Resources and workers are being strained after figures revealed an 85 per cent growth in the number of children under the Department of Child Protection and Family Support’s care over the past decade in its Armadale district.
More than 480 children live in out-of-home care and 142 are on the monitored list in the district, which runs from Kenwick to Keysbrook.
The numbers mean the Armadale district makes up 10 per cent of the children living in out-of-home care in the WA – one of the state’s biggest.
The rest of the state’s 16 districts have a combined total of 4176 children under the DCPFS’s watch.
These numbers put pressure on the 57 full-time equivalent child protection workers in the district with one in five having a caseload of more than the recommended 15 cases.
DCPFS acting director general Kay Benham said children were entering care younger and staying longer due to a range of factors such as population growth and drug and alcohol abuse but they were dealing with it.
She said they had flexibility to allocate resources as workload pressures shift and the DCPFS was the only child protection agency in Australia, which mandated caseload limits.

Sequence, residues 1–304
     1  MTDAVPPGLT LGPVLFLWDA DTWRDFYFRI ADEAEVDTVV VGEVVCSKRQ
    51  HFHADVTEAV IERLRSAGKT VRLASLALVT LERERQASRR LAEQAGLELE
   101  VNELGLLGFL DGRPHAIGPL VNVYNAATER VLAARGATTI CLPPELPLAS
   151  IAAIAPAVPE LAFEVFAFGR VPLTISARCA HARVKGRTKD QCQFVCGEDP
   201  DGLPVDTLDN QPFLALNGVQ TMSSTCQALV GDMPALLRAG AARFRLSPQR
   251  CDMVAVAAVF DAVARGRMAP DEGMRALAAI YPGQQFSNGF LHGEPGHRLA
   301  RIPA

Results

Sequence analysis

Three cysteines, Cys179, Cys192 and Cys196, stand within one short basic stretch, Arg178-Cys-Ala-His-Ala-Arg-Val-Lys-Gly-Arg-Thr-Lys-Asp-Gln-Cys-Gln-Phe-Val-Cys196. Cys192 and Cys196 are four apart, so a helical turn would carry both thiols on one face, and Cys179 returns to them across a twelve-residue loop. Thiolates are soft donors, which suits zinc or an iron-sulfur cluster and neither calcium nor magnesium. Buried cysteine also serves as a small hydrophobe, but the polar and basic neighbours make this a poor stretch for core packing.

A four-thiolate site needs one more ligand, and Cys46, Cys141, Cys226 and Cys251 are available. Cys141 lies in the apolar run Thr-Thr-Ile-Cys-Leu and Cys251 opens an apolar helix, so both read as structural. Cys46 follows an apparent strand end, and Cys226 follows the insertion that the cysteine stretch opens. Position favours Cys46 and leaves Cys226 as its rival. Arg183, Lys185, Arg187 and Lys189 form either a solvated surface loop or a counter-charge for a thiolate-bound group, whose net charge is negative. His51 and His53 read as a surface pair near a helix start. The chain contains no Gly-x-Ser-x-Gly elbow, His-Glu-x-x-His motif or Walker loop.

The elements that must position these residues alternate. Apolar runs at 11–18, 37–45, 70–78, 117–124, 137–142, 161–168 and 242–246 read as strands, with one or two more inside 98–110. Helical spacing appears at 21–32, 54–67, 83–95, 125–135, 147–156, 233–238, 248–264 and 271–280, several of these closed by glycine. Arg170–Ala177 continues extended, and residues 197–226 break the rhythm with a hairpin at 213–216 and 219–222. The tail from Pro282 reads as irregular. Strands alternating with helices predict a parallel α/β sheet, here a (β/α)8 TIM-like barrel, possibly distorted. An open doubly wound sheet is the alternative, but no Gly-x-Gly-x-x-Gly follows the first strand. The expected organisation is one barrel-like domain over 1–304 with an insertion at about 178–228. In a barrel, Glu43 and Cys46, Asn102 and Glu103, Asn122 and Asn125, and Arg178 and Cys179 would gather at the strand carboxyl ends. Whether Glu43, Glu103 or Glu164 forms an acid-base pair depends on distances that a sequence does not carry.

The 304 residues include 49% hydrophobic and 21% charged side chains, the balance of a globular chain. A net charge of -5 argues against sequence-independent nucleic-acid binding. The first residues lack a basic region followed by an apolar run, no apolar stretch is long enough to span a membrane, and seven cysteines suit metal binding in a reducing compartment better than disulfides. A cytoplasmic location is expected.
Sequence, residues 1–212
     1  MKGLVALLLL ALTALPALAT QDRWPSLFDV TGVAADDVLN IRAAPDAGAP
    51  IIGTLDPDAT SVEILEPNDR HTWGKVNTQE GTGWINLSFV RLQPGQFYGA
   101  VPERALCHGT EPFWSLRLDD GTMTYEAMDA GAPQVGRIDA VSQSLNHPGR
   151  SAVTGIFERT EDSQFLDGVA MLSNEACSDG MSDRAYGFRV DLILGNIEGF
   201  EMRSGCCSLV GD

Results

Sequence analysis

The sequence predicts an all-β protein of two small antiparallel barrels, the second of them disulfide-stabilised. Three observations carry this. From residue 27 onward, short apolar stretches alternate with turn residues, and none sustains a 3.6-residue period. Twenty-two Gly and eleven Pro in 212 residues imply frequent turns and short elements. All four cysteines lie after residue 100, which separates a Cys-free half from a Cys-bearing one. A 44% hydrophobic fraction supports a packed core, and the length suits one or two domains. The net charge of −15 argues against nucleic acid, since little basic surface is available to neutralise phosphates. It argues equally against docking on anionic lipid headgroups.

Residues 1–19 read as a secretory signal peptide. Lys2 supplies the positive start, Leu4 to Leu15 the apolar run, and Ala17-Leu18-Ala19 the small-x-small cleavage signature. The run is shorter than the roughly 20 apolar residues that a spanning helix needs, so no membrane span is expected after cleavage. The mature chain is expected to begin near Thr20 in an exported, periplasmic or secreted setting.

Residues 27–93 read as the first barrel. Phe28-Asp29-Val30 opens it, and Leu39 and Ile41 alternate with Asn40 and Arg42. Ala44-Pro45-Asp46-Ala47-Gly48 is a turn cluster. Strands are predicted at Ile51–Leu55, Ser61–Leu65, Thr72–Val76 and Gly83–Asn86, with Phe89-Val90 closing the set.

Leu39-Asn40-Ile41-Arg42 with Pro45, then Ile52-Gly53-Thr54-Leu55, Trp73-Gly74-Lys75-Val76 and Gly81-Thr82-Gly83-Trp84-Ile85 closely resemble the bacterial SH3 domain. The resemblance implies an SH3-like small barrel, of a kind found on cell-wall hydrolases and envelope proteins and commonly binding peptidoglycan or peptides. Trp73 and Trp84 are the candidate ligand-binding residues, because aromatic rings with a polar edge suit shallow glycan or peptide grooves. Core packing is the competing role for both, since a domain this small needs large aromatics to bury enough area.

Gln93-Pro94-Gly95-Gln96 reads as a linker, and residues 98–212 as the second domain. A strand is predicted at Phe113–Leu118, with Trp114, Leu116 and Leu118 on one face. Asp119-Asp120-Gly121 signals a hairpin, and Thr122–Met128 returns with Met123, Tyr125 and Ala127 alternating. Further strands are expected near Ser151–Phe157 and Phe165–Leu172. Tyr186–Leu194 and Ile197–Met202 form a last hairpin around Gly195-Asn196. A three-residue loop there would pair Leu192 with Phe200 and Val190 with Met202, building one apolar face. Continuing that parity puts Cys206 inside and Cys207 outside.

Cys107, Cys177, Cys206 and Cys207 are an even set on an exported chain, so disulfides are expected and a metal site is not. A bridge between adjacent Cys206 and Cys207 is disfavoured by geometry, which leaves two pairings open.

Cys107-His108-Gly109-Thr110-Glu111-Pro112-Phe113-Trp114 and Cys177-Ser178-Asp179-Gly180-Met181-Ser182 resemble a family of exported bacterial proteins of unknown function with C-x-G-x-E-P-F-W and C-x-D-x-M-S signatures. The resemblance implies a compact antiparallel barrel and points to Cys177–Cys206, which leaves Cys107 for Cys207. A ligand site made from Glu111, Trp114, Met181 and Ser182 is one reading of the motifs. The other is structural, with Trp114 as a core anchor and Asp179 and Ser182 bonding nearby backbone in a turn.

“There are also workload management tools in place to monitor caseworker caseloads to keep caseloads at a reasonable level,” she said.
“The average caseload for caseworkers is approximately 12 and this average has been consistently maintained for a number of years.
“It is well within the bounds of the maximum 15 cases, which may rise to 18 cases in exceptional circumstances, set by the state Industrial Relations Commission.”
Ms Benham said the department was currently undergoing significant reform in its out-of-home care.
Member for Armadale Tony Buti was unconvinced and said there seemed to be a reluctance to accept the district was being strained.
“(The figures) reinforce what I have received anecdotally and what I have been told by people that they are severely overworked, that there’s incredible need for child protection services in our area,” he said.
“The official line is that the workers are all coping but I don’t think that’s true and the fact is there’s 13 case workers over the recommended 15 cases.
“It just doesn’t add up, it seems to be a parallel universe between the official line and what I hear off the record.
“There has to be an acknowledgement that the system isn’t coping, unless there is acknowledgement of the problem you can’t address it.”
Dr Buti called for increased resources in areas addressing all kinds of societal issues including mental health issues, drug and alcohol and family violence.